OFF INTO THE WILD WET YONDER How does this...
5 Uniquely “Asian” Sports You’ve Never Heard of
There are all kinds of lists online with examples of “sports” that gain attention either for their quirky (and often hilarious) inventiveness or for being just plain dumb. But for a change of pace, have a look at some of the perhaps more obscure (but no less compelling) sports that have a more substantial basis in the culture of their respective countries.
Panjat Pinang is a somewhat controversial sport-like tradition where participants attempt to climb up a very tall greasy pole (a betel nut tree trunk) to retrieve prizes at the top. It is an annual tradition, celebrated on Indonesia’s Independence Day, and requires a substantial amount of teamwork and stamina, as it is virtually impossible for someone to climb to the top on their own. The controversy stems from the game’s origin—during the time of Dutch colonization in the 1700s—where settlers apparently erected poles with items dangling from the top and, to entertain themselves, invited the natives to attempt to climb them.
This Japanese sport involves huge teams (150 players each), half of whom are either defending or attempting to climb and push over the opponent’s pole. Once signaled to start, attackers rush the defensive formation around the pole and, well, chaos ensues. The goal is to be the first team to pull down the opponent’s pole below 30 degrees (respective to the ground). Noteworthy positions in the game are: “Ninja,” the person hanging on to the top of the pole; and “Scrum Disablers,” those who use teammates’ backs to leap up over defenders towards the pole. The sport is a big tradition at the National Defense Academy of Japan and is thought to have been played as part of military training for cadets in the 1940s.
Known by variations of its name—Kataw (Laos) or just Takraw (Thailand and Malaysia)—it is a game popular throughout Southeast Asia, often seen played at parks and on the beach. Players must kick, knee, or head a rattan (palm leaf) ball over the net to the opponent’s side. Each player can only touch the ball once and the use of hands is not allowed. Watching top competitors in this sport is truly impressive.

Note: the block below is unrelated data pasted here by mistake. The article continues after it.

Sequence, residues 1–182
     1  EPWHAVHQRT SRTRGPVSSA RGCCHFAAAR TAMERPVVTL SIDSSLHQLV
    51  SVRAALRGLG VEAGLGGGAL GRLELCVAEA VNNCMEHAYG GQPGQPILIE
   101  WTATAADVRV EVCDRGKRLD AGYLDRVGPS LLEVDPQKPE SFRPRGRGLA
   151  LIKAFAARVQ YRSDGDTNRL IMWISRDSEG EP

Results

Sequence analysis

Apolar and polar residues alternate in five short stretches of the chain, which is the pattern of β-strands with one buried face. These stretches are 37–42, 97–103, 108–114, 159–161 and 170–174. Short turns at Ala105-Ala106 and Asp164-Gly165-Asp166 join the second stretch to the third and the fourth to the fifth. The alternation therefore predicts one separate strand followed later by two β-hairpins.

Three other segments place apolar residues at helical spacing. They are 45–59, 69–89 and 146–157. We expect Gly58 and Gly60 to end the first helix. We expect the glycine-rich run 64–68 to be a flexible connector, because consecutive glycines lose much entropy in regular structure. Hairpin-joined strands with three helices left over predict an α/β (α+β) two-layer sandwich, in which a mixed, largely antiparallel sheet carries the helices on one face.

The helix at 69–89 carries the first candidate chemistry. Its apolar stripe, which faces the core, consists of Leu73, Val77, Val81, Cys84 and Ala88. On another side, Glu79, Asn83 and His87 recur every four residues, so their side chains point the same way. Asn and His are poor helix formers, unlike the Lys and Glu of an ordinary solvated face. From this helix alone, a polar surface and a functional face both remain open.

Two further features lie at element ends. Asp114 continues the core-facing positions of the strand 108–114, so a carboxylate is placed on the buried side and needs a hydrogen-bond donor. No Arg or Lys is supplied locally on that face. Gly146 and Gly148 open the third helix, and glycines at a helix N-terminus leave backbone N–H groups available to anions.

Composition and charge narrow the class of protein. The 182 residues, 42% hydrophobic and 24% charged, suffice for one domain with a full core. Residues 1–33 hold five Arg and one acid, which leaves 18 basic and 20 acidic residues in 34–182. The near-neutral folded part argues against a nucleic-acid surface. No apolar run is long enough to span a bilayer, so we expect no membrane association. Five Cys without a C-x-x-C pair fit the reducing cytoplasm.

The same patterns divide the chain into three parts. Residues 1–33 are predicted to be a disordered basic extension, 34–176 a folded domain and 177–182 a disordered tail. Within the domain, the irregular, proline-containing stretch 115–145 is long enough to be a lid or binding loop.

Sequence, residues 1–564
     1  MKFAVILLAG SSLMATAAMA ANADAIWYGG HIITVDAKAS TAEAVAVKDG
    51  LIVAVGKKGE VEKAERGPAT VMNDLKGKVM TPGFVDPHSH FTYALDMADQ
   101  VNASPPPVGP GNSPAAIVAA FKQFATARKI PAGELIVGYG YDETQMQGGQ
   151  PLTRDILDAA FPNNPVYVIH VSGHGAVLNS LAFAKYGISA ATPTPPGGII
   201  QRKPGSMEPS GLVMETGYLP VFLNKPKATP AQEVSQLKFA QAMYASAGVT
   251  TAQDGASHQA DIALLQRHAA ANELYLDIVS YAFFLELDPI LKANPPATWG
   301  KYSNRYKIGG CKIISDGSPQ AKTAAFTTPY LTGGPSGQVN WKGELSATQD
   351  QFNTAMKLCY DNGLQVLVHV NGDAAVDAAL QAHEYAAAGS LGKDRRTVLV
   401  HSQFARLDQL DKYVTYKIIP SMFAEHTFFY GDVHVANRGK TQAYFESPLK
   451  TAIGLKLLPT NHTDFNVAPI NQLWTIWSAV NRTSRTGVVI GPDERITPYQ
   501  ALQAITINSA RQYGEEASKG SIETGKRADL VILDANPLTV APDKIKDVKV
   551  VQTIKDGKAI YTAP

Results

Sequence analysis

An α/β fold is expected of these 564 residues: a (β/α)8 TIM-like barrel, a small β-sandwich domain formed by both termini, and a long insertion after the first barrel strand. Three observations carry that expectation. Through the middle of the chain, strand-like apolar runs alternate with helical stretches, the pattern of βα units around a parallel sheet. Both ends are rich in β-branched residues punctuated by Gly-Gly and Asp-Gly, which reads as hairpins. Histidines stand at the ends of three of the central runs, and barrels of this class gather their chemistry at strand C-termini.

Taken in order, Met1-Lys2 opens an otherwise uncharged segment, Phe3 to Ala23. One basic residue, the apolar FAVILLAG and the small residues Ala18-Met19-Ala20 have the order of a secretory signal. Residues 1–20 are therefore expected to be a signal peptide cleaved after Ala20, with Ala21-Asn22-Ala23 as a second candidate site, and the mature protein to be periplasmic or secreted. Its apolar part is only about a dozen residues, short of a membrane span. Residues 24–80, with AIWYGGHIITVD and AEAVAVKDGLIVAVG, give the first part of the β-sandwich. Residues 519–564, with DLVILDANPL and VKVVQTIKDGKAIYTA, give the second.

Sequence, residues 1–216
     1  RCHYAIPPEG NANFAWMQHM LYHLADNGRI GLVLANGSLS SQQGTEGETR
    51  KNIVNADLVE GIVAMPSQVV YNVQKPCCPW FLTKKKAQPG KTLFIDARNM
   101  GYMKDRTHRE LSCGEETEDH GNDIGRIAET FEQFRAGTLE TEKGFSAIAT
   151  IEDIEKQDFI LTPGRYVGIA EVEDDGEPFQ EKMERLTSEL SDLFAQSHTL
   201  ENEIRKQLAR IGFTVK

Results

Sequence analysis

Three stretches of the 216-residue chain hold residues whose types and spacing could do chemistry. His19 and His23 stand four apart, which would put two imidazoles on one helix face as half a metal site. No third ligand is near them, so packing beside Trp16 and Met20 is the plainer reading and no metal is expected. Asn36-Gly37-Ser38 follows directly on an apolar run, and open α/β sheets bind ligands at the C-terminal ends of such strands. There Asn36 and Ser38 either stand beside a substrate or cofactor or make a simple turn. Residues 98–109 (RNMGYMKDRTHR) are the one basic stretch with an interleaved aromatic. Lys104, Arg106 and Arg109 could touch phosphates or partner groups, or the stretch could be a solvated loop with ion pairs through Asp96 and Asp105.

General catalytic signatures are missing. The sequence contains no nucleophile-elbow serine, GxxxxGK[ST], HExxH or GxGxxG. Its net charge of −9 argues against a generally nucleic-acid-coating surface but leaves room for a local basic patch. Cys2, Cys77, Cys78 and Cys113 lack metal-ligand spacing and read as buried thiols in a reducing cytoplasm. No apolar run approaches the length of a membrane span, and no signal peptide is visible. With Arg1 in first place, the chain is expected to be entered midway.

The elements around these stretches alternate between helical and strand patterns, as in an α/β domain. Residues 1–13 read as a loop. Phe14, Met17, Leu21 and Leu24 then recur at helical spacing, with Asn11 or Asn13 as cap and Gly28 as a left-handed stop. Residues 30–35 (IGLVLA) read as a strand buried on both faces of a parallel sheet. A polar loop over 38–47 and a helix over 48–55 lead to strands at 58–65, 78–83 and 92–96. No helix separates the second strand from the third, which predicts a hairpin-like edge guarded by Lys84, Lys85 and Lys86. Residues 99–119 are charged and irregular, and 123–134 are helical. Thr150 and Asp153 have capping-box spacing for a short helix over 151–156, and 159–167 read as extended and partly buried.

Kabaddi is a two-team contact sport that involves speed, breath control, and a touch of wrestling. The sport originated in India and is still popular there as well as in Bangladesh and Nepal. The game’s namesake is a defining element to how it is played, making it very unique in the world of sports. Basically, a “raider” must cross the line and go into the opponent’s side of the court in an attempt to tag a player and make it back to their own side, without being tackled and trapped. The twist is, while attempting this they must constantly chant the word “Kabaddi,” over and over, as a way to prove that they are not inhaling. Easier said than done.
Buzkashi is a centuries old sport which is now enjoyed on a national level in Afghanistan and Kazakhstan, among other Central Asian nations. The term means “goat dragging” in Persian, but the sport is also known as Kokpar in Kazakhstan. As you can see here, it is not for the faint of heart, as there are few rules and people do get hurt badly. While there are variations of the game, the goal generally is to carry the goat, while on horseback, and ride to the opposite end of the field to drop it in the marked circle.